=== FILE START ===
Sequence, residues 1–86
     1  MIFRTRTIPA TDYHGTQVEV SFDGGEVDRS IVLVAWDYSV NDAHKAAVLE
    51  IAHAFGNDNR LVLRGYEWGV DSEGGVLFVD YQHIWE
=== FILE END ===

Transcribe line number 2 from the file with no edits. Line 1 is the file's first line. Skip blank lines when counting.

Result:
     1  MIFRTRTIPA TDYHGTQVEV SFDGGEVDRS IVLVAWDYSV NDAHKAAVLE